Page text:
Issues relating to the Status of the assessee trumps all other cases

Issues relating to the Status of the assessee trumps all other cases

The status of the assessee is a determining factor while answering any questions raised against the assessee.

Here status is referred as the assessee being individual, AOP, BOI, Joint Venture etc. with respect to law.

The IT Act is a complex structure, which has various conditions on a law being applicable to a particular assessee.

According to reasoning laid down by the Supreme Court if there is a question on the status of the assessee, then that would be a priority for passing a ruling. This becomes a factor for determining the law subjected to the assessee.

Whether where determination of correct status of assessee impacts its ultimate tax liability, such an issue can be admitted for first time before Tribunal even if it was not raised before lower authorities. Following is a very interesting case law relating to the above issue-

Facts of the Case:

■ The assessee was a joint venture between ‘S’ and ‘P’, created for the purpose of erecting vertical lift type mild steel gates for Sulwade Barrage Project.

■ In the course of assessment, the Assessing Officer noted that assessee had deducted tax at source on contract payments as per section 194C but the same was not deposited within the prescribed time limits and therefore the corresponding expenditure was disallowable in terms of section 40(a)(ia).

■ The stand of the assessee before the Commissioner (Appeals) was that the provisions of section 40(a)(ia) were applicable only to an expenditure outstanding at the end of the year and not to the expenditure which had been actually paid during the year itself.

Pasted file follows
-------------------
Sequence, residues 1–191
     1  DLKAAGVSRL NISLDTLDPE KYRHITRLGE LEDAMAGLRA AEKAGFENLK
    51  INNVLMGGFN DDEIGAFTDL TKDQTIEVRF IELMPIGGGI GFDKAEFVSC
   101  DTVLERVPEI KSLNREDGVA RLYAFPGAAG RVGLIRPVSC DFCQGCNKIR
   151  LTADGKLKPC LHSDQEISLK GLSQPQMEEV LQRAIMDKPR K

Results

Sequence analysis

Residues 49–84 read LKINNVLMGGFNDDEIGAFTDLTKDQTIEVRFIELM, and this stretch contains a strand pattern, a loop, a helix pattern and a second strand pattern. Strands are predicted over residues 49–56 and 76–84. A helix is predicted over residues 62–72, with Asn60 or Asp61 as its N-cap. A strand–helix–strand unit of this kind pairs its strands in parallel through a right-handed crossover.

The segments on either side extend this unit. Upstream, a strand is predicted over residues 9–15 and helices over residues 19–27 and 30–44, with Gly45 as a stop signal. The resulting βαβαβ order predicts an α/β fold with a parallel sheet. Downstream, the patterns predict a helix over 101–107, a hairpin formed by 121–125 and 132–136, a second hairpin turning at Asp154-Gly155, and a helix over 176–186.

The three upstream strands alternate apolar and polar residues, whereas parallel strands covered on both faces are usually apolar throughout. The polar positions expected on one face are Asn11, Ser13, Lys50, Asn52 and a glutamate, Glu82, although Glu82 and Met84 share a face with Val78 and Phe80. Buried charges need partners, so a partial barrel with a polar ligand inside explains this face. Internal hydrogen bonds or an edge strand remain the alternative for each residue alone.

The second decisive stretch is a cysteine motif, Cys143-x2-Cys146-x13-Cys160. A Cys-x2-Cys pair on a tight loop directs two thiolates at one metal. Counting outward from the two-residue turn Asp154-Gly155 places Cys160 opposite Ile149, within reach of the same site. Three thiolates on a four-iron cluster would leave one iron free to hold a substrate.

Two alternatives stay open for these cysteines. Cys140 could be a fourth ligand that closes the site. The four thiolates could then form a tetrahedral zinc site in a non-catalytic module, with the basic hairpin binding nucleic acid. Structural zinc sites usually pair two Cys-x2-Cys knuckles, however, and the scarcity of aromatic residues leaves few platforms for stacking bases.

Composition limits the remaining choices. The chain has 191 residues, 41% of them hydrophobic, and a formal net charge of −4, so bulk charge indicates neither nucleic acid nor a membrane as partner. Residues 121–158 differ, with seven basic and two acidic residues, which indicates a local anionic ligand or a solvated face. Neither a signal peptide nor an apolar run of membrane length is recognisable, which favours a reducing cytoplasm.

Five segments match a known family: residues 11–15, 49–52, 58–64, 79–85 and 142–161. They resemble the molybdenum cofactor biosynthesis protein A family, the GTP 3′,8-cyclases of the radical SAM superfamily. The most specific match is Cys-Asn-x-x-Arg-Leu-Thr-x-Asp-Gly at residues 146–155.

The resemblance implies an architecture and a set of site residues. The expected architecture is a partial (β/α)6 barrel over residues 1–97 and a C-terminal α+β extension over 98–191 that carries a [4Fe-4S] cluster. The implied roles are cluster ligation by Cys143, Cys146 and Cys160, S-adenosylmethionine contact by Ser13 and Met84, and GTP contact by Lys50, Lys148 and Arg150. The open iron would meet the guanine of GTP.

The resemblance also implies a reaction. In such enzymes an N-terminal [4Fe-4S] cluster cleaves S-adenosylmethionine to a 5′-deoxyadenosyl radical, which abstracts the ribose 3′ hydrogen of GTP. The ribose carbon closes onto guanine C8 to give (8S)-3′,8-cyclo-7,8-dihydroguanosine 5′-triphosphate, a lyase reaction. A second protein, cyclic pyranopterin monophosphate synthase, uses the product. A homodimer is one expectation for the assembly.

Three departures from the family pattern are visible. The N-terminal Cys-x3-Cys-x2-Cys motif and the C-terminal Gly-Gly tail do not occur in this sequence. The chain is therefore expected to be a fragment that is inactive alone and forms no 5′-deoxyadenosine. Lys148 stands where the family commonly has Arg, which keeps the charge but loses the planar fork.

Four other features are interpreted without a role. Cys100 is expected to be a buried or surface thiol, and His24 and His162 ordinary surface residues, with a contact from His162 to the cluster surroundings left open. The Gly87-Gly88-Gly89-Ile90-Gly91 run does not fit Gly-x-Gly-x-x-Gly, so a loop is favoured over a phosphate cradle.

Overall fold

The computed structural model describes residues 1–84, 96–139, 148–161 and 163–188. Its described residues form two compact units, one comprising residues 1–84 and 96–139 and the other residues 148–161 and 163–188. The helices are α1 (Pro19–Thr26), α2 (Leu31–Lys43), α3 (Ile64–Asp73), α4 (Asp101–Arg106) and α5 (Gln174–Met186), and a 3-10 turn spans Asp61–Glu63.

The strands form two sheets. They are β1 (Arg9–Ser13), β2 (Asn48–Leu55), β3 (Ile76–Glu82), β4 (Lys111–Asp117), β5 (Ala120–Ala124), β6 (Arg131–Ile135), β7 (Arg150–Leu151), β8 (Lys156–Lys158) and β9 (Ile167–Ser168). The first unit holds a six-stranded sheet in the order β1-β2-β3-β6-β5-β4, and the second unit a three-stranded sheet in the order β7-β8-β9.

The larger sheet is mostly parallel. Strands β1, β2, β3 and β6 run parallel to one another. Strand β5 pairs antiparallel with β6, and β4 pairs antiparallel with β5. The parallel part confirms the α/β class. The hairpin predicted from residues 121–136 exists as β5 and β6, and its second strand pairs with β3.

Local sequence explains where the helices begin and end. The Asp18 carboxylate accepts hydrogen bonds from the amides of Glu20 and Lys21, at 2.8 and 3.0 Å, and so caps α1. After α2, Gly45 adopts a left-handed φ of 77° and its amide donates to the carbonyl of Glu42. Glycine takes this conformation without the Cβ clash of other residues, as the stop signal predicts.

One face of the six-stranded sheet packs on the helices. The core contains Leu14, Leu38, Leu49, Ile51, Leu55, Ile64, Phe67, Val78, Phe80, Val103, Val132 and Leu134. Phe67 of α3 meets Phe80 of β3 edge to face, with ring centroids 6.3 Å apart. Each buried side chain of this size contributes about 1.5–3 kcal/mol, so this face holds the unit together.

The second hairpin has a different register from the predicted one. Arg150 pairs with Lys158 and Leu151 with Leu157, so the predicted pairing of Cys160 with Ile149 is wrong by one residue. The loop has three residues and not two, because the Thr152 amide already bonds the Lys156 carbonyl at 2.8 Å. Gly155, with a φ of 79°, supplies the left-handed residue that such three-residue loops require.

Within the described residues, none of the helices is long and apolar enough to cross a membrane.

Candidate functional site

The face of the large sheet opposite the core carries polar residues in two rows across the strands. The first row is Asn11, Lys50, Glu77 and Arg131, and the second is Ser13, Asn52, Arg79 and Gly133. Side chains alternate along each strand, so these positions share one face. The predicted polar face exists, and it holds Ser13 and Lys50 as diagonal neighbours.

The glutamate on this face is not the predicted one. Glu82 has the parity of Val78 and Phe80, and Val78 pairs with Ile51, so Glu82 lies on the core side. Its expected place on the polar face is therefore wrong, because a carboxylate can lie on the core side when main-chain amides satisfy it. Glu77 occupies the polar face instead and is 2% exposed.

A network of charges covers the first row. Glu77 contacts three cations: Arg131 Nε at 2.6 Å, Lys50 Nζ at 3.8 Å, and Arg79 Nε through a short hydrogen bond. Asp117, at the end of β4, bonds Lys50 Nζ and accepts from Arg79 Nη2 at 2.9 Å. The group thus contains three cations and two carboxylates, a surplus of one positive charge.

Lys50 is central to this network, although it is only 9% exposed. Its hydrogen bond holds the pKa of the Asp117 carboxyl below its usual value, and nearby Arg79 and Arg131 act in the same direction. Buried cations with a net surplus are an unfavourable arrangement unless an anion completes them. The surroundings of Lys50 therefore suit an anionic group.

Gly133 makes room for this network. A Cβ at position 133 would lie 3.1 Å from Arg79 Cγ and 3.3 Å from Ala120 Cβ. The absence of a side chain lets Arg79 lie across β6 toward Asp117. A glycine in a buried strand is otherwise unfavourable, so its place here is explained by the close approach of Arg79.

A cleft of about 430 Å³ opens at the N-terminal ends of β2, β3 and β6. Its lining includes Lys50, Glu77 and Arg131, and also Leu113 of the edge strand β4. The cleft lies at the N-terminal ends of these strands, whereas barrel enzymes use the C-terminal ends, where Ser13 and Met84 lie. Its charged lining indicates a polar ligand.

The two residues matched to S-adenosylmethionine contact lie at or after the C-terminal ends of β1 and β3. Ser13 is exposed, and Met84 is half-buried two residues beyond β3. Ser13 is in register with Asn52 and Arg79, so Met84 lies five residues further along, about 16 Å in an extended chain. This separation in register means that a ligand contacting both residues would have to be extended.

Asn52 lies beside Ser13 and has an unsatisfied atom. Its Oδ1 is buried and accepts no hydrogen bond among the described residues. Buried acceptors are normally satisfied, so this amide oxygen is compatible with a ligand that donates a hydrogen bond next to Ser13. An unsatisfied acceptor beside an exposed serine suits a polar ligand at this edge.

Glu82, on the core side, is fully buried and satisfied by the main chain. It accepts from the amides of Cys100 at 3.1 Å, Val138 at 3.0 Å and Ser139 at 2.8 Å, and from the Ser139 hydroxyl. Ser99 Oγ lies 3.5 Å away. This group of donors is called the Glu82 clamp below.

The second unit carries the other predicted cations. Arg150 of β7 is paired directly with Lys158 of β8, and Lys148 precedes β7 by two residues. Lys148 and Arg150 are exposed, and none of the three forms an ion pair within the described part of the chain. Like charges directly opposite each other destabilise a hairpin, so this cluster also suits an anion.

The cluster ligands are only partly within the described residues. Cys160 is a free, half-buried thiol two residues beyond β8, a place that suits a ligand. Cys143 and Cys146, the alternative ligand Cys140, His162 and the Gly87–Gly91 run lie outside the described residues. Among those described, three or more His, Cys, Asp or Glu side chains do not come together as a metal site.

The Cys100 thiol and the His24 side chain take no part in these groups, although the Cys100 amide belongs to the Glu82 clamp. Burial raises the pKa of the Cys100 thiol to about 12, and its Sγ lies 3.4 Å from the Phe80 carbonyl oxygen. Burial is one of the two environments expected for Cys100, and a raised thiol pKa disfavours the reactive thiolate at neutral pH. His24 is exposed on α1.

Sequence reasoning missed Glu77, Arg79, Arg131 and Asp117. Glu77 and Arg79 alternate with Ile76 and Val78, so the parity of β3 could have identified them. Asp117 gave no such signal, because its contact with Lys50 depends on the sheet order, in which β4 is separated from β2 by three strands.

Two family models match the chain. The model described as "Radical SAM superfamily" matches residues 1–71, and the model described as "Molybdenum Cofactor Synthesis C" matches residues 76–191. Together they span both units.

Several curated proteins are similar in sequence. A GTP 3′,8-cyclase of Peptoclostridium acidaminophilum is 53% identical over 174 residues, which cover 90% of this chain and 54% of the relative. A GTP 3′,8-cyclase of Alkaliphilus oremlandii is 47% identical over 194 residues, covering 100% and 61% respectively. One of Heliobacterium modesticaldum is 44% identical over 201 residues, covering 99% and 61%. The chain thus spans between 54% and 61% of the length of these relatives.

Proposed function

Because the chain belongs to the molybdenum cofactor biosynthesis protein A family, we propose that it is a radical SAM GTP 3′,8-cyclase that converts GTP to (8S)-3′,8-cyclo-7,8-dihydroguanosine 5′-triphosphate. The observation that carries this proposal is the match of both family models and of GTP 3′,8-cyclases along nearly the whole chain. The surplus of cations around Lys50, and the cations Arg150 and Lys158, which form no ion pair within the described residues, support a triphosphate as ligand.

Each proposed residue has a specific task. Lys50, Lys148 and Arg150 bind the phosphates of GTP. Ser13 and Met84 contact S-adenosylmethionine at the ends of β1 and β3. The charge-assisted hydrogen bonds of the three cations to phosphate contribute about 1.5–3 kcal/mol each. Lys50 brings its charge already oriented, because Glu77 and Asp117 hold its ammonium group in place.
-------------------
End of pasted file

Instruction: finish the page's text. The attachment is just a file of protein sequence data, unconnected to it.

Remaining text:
■ According to assessee the expenditure in question represented amounts actually paid to the sub-contractor during the year under consideration itself, and therefore, the default in late deposit of the corresponding tax deducted at source, would not invite the disallowance under section 40(a)(ia).

■ The Commissioner (Appeals) having accepted assessee’s explanation, deleted the disallowance made by the Assessing Officer.

■ In the course of appellate proceedings before the Tribunal, the assessee raised a new plea that it was a joint venture and in terms of amendment in provisions of section 194C by Finance Act, 2008 with retrospective effect from 1-6-2008, said section was not applicable to its case and, consequently, impugned disallowance deserved to be deleted on said ground as well.


■ The plea of the assessee cannot be lightly brushed aside, though in the return of income filed by the assessee the status has been mentioned as firm. This is so for the reason that the Assessing Officer was fully aware of the arrangement in terms of which assessee was carrying on business inasmuch as in the assessment order, it has been specifically noted that assessee is a joint venture between two concerns, which is created for a specific purpose.

■ Therefore, the plea of the assessee deserves to be appropriately addressed, especially for the reason that it involves a point of law. [Para 12]

■ There cannot be an estoppel in law, and the factum of assessee having declared status of a firm in the return filed cannot be fatal, and the resiled position of the assessee is to be adjudicated in the light of the applicable legal position. The exercise to determine the correct status of the assessee becomes all the more important in this case because it has a bearing on the ultimate tax liability of the assessee.

■ If the claim of the assessee that its status is an AOP is accepted, then for the assessment year under consideration, section 194C becomes inapplicable to the assessee, and the consequential disallowance made under section 40(a)(ia) would not survive. If assessee’s claim of being an AOP is not accepted, then the provisions of section 194C would become applicable for the instant assessment year and consequentially the impugned disallowance under section 40(a)(ia) would be justified.

■ Therefore, determination of the correct status impacted ultimate tax liability and in such a situation even as per the reasoning laid down by the Supreme Court in the case of National Thermal Power Co. Ltd. v. CIT [1998] 229 ITR 383, such an issue could be admitted for first time before Tribunal even if it was not raised before lower authorities.


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